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Thursday, June 20, 2019

Justice Department Requires Harris and L3 to Divest Harris’s Night Vision Business to Proceed with Merger

Divestiture Will Preserve Competition for Critical Component Used in Night Vision Devices Purchased by United States Military

The Department of Justice announced today that it is requiring Harris Corporation (Harris) and L3 Technologies Inc. (L3) to divest Harris’s night vision business in order to proceed with their merger. 

The Department further said that, without the divestiture, the proposed acquisition would eliminate competition between the only two suppliers of U.S. military-grade image intensifier tubes, which are the key component in night vision devices such as goggles and weapon sights purchased by the Department of Defense (DoD) for the United States military.

The Justice Department’s Antitrust Division filed a civil antitrust lawsuit today in the U.S. District Court for the District of Columbia to block the proposed merger.  At the same time, the Department filed a proposed settlement that, if approved by the court, would resolve the competitive harm alleged in the lawsuit. 

“The merger, as originally structured, would have given the combined company a monopoly over image intensifier tubes, an essential component in night vision devices used by the United States military,” said Assistant Attorney General Makan Delrahim of the Justice Department’s Antitrust Division.  “Today’s settlement will ensure that our armed forces continue to benefit from competition for a mission critical component that soldiers operating in low-light environments rely on every day.”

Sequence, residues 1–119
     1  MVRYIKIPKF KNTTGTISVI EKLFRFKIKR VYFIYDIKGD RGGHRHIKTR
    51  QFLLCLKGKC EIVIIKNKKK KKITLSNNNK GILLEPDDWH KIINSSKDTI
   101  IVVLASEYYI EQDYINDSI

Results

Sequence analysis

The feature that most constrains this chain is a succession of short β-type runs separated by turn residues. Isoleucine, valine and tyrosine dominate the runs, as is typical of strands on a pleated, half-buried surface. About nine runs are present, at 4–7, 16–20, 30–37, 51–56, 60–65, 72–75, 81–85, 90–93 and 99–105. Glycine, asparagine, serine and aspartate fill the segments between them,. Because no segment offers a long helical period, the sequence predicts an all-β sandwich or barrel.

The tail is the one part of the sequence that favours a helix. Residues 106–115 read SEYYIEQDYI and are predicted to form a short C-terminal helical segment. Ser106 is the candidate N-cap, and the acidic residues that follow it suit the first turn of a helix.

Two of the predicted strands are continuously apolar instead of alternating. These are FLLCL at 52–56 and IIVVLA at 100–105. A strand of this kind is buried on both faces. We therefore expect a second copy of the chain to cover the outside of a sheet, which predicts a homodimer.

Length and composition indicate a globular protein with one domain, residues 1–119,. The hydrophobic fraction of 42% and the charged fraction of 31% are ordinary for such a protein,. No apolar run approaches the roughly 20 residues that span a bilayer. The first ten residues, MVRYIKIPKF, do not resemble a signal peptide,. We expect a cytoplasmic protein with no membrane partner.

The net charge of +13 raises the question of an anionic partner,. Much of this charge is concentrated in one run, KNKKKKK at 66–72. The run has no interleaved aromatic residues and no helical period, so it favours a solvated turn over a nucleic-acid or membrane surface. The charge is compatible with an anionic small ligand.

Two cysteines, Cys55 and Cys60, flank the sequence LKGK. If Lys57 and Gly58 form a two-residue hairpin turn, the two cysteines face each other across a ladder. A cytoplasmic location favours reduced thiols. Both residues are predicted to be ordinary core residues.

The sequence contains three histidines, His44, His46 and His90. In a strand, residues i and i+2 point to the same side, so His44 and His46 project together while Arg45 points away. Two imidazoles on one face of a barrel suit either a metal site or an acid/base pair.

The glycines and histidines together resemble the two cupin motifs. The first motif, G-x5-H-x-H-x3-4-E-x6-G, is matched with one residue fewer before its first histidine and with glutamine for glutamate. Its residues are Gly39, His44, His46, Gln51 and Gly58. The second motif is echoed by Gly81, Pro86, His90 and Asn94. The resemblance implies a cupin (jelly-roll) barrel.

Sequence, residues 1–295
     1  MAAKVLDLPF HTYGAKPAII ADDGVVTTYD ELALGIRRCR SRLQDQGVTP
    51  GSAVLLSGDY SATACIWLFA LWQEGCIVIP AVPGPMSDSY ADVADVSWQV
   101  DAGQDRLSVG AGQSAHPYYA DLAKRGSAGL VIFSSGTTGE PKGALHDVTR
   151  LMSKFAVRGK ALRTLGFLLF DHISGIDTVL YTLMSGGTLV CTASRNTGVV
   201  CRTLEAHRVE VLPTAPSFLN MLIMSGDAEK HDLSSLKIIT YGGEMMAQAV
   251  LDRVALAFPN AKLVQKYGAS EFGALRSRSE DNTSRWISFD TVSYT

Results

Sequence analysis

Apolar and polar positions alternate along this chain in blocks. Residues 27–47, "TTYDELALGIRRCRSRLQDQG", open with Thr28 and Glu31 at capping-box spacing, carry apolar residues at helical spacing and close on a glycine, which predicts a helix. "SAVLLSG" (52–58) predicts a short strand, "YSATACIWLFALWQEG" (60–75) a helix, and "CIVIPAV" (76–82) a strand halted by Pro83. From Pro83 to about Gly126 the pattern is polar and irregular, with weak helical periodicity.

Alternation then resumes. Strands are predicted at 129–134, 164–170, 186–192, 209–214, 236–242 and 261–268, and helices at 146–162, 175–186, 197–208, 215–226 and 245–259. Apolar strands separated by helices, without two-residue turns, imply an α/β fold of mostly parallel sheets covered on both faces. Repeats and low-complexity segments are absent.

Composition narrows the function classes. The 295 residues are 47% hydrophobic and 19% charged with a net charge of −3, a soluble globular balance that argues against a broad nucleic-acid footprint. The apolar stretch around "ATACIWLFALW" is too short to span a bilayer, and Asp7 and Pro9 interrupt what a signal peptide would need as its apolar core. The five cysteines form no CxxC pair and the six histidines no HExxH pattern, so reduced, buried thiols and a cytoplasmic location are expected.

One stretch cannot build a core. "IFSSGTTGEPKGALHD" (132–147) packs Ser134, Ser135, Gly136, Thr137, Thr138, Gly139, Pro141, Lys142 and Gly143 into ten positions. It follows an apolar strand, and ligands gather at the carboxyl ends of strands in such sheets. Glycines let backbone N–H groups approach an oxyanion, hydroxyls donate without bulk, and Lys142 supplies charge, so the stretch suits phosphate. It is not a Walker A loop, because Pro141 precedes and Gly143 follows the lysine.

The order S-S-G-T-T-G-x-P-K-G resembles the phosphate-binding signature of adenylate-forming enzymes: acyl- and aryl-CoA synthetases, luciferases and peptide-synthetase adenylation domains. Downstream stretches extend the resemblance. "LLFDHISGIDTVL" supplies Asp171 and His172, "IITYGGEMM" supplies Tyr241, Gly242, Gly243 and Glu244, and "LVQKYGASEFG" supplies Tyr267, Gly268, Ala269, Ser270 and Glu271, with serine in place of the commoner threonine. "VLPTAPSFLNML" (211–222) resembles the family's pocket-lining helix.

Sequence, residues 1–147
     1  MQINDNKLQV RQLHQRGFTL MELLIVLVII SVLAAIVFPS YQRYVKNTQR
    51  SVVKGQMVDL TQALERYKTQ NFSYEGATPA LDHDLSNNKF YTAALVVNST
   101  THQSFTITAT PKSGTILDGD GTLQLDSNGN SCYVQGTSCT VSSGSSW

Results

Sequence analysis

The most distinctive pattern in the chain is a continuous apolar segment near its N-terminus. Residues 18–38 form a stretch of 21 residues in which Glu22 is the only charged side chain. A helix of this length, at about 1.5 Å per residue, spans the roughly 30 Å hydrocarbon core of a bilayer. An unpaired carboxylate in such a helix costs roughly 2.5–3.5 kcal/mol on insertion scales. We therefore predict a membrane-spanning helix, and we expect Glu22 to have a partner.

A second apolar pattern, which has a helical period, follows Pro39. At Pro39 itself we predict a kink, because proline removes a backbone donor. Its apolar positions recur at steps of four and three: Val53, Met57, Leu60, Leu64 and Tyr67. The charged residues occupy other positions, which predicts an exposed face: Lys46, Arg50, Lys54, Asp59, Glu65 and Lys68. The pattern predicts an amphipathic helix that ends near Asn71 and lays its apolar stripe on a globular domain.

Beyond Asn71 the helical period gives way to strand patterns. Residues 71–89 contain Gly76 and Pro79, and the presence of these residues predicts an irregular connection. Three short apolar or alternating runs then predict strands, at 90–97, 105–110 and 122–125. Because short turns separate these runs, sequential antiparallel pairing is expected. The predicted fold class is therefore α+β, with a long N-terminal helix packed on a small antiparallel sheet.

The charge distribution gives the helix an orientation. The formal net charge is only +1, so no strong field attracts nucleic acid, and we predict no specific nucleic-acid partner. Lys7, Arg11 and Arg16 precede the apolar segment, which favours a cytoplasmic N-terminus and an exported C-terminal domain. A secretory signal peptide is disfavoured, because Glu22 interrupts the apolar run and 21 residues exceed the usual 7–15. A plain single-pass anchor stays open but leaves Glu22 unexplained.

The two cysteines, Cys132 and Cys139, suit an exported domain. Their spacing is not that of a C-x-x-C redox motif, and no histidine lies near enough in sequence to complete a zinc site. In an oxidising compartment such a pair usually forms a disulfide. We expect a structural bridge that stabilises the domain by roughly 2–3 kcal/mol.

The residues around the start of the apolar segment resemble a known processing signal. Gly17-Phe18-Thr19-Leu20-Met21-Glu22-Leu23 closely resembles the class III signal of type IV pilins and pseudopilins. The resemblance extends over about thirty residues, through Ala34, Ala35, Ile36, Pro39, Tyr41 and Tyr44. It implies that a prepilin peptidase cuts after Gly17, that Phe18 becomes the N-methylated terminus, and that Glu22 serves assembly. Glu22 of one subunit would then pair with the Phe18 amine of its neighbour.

According to the Department’s complaint, Harris and L3 are the only suppliers of U.S. military-grade image intensifier tubes for night vision devices such as goggles and weapon sights that are purchased by the DoD.  Image intensifier tubes are the critical component in these devices, which amplify visible light to increase situational awareness, threat detection, and mission performance of American soldiers and aircrews operating in low-light environments.  The Department’s complaint alleges that competition between Harris and L3 has resulted in lower prices, higher quality, and shorter delivery times and has fostered innovation that has led to the development of image intensifier tubes with higher sensitivity and resolution.  According to the complaint, the combination of Harris and L3 would leave the DoD without a competitive alternative for this critical input and likely result in higher prices, less favorable contract terms, and reduced research and development efforts.

Under the terms of the proposed settlement, Harris and L3 must divest Harris’s entire night vision business, including its manufacturing facility in Roanoke, Virginia, to an acquirer approved by the United States.

The Antitrust Division and the DoD cooperated closely throughout the course of their respective investigations of the transaction.

Harris is incorporated in Delaware and has its headquarters in Melbourne, Florida.  Harris provides night vision devices and image intensifier tubes, tactical communications solutions, electronic warfare solutions, and space and intelligence systems.  In 2018, Harris had sales of approximately $6.2 billion.

L3 is incorporated in Delaware and is headquartered in New York, New York.  L3 provides night vision devices and image intensifier tubes; intelligence, surveillance, and reconnaissance systems; aircraft sustainment, simulation, and training; and security and detection systems.  In 2018, L3 had sales of approximately $10.2 billion.

As required by the Tunney Act, the proposed settlement, along with a competitive impact statement, will be published in the Federal Register.  Any person may submit written comments concerning the proposed settlement during a 60-day comment period to Maribeth Petrizzi, Chief, Defense, Industrials, and Aerospace Section, Antitrust Division, U.S. Department of Justice, 450 Fifth Street, N.W., Suite 8700, Washington, D.C. 20530.  At the conclusion of the 60-day comment period, the U.S. District Court for the District of Columbia may enter the final judgment upon finding it is in the public interest.

Updated June 20, 2019